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Honey The Ancient Sweetener

Honey the ancient sweetener

Honey is very likely the world's most ancient sweetener and has been in use throughout the world across the millennia. Honey's popularity and versatility is evident from the variety of uses it has enjoyed throughout history.

From ancient times, honey has not only been used as a sweetener but as a natural beauty agent and has been employed by some cultures for its medicinal attributes.

Honey's Nutritional Profile

Everyone knows that honey is produced by honey bees; however, few understand the incredible intricacies of this process. In the United States alone, there are more than 300 varieties of honey. The color, flavor and even fragrance of a particular honey differ depending on the type of flower visited by the honey bees. Honey color ranges from nearly colorless to dark brown, and flavor from delectably mild to distinctively bold. As a general rule, lighter honey has a milder taste and darker honey is stronger.

Honey is composed primarily of carbohydrates and water, and also includes small amounts of a wide array of vitamins and minerals, including B vitamins such as niacin, riboflavin, and pantothenic acid, along with minerals such as calcium, copper, iron, magnesium, manganese, phosphorus, potassium and zinc.

Honey as a Source of Antioxidants

It has been hypothesized that consuming more antioxidant rich foods may help protect against cellular damage and possibly prevent the development of chronic diseases. Research indicates that honey includes numerous compounds with antioxidant potential.

The amount and type of these antioxidant compounds depends largely upon the floral source/variety of the honey. In general, darker honeys (Buckwheat honey) have been shown to be higher in antioxidant content than lighter honeys (Clover and Sage honey). While the antioxidant content of honey may not rival that of some of the more antioxidant rich fruits (berries and apples) and vegetables (kale and beans), on a gram for gram basis, honey may, nevertheless, provide an additional source of dietary antioxidants.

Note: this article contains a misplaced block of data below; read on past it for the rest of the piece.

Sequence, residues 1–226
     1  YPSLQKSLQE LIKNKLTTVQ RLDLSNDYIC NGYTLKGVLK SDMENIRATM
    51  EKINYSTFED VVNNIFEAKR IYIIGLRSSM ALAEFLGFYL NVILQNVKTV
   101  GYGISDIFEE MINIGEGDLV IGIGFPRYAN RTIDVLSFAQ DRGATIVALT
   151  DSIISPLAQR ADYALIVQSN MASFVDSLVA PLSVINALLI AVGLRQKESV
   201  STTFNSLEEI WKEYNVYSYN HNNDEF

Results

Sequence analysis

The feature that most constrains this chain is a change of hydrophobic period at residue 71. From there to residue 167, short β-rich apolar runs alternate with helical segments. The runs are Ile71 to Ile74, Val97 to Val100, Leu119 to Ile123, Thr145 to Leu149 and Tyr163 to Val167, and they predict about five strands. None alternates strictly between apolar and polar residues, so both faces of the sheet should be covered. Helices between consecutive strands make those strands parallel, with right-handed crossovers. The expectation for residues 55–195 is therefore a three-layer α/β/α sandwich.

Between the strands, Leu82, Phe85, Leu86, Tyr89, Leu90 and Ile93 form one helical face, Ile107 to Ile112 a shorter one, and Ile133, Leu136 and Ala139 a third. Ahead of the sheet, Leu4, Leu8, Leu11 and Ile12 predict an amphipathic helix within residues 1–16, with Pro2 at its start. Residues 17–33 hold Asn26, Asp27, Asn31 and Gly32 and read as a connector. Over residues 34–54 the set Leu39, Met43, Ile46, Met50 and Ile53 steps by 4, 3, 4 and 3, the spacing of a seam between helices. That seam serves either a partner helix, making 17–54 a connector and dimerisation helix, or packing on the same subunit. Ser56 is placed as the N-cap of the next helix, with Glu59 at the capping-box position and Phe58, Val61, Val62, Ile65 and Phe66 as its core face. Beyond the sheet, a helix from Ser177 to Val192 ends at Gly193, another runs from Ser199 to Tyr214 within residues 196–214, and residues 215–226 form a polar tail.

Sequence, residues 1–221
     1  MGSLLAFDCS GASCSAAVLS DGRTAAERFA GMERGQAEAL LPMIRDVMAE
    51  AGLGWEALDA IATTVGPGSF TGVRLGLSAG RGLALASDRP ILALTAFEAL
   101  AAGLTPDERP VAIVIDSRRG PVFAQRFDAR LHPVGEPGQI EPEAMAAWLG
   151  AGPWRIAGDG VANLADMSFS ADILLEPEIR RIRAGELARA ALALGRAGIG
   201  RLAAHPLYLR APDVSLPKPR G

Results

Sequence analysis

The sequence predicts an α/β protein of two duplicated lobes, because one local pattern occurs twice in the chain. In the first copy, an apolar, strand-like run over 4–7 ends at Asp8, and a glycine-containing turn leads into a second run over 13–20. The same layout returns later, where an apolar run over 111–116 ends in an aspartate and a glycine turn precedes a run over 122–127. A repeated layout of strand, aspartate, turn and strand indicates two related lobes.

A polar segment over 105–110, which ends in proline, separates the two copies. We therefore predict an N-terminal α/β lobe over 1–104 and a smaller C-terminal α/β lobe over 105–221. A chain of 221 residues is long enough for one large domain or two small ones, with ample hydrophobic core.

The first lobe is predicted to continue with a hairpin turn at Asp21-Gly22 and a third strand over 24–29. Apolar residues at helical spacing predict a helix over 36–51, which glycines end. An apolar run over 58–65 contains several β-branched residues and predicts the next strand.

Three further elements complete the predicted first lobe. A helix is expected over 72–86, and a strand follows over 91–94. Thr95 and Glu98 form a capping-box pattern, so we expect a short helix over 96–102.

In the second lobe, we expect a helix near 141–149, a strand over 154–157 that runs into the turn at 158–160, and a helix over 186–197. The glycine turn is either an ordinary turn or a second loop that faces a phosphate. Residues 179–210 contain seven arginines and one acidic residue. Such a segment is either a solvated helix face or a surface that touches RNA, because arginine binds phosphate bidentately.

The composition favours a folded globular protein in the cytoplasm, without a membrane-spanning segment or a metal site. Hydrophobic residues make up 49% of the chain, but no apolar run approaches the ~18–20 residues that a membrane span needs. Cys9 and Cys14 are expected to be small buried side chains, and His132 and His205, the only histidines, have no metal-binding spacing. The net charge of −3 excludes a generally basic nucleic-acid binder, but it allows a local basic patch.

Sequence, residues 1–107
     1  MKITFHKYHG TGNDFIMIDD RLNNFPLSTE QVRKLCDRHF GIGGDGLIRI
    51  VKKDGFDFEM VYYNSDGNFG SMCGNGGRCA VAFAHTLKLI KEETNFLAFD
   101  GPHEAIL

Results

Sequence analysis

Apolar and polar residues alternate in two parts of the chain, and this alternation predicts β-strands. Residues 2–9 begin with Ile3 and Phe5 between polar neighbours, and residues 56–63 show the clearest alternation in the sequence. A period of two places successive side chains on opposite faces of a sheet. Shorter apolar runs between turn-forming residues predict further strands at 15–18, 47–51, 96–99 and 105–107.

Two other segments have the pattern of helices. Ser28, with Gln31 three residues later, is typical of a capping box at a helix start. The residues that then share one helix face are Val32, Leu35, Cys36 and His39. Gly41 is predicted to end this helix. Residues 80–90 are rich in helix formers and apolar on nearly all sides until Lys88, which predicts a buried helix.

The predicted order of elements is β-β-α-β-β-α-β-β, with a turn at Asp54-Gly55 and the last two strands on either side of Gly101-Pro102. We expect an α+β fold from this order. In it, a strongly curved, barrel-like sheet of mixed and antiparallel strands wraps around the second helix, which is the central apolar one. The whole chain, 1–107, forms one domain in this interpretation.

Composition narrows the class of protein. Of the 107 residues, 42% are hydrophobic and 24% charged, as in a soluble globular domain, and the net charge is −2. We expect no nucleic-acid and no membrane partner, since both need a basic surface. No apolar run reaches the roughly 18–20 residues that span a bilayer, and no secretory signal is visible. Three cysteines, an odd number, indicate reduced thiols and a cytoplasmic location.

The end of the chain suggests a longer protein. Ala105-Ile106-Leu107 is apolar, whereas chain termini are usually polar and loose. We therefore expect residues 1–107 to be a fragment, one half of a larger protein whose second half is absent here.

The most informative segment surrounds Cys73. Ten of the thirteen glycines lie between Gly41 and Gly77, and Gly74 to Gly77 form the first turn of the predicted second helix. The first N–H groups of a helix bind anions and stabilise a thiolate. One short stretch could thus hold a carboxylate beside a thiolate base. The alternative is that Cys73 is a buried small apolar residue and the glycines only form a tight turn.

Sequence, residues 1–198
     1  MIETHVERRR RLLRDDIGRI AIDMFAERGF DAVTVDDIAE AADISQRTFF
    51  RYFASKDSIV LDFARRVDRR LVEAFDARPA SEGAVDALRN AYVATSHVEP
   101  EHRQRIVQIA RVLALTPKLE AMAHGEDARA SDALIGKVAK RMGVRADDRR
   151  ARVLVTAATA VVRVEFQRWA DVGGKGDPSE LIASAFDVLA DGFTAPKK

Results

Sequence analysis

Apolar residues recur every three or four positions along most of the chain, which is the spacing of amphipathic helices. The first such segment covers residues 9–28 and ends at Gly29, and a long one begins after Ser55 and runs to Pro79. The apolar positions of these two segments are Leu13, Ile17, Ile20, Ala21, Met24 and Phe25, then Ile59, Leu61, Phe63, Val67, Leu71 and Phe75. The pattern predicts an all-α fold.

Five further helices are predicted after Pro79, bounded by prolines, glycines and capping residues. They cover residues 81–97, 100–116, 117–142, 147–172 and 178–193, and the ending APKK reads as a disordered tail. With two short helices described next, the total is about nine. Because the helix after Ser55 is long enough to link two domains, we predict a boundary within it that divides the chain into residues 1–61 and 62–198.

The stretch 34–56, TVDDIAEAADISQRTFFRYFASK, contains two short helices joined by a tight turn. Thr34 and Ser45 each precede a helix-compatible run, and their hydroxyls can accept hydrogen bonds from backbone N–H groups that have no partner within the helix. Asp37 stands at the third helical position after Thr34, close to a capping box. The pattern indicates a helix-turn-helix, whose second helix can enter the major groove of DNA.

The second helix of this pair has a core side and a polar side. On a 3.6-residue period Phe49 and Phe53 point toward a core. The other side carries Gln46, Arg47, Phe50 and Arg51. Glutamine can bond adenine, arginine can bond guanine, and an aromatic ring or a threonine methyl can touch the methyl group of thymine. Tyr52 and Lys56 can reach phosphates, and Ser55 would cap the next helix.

Honey for a Cough

In several studies, honey was as effective as over-the-counter medicine for reducing the frequency of coughing fits. Bonus: It's antimicrobial. Add bacteria-killing thyme to speed recovery. Dose: Mix 1/2 cup honey and 1/2 ounce thyme tincture. Adults can take 1 to 2 teaspoons of the mixture as needed. Children over 2 can take 1/2 to 1 teaspoon as needed. Not recommended for children under two.

Honey and Calcium Absorption

Jar of honey It is estimated that by the year 2020, half of all Americans over the age of 50 will be at risk for fractures from osteoporosis or low bone mass. One of the key strategies for reducing the likelihood of developing low bone mass is to consume adequate calcium. Of course, it is also very important that the calcium consumed is absorbed. Researchers at Purdue University showed that honey enhanced calcium uptake in laboratory animals. In fact, researchers found that the absorption of calcium was increased as the amount of honey was increased. Although this data would need to be confirmed using human subjects, the preliminary findings are very compelling. Maybe you'd like to get your calcium through a fruit smoothie made with milk rather than by taking a calcium pill.

Honey and Athletic Performance

It is well known that carbohydrate consumption prior to, during and after exercise improves performance and speeds the recovery of muscles. Honey is a natural source of readily available carbohydrates, providing 17 grams of carbohydrates per tablespoon and may serve as an inexpensive alternative to commercial sports gels.

Preliminary data from the University of Memphis Exercise and Sports Nutrition Laboratory suggest that honey is as effective as glucose for carbohydrate replacement during endurance exercise.

Honey and "Good" Bacteria

The gastrointestinal tract (GI) is full of bacteria. These bacteria are essential for life and good health. One group of bacteria that have been shown to be particularly important to the health and proper function of the GI tract are called Bifidobacteria. One way to increase the Bifidobacteria populations in the gut is by consuming foods containing prebiotics, substances that increase the growth and activity of good bacteria.

Prebiotics help these "friendly bacteria" grow and "be happy". Honey contains a variety of substances that can function as prebiotics. Research conducted at Michigan State University has shown that adding honey to dairy products such as yogurt can enhance the growth, activity, and viability of Bifidobacteria.

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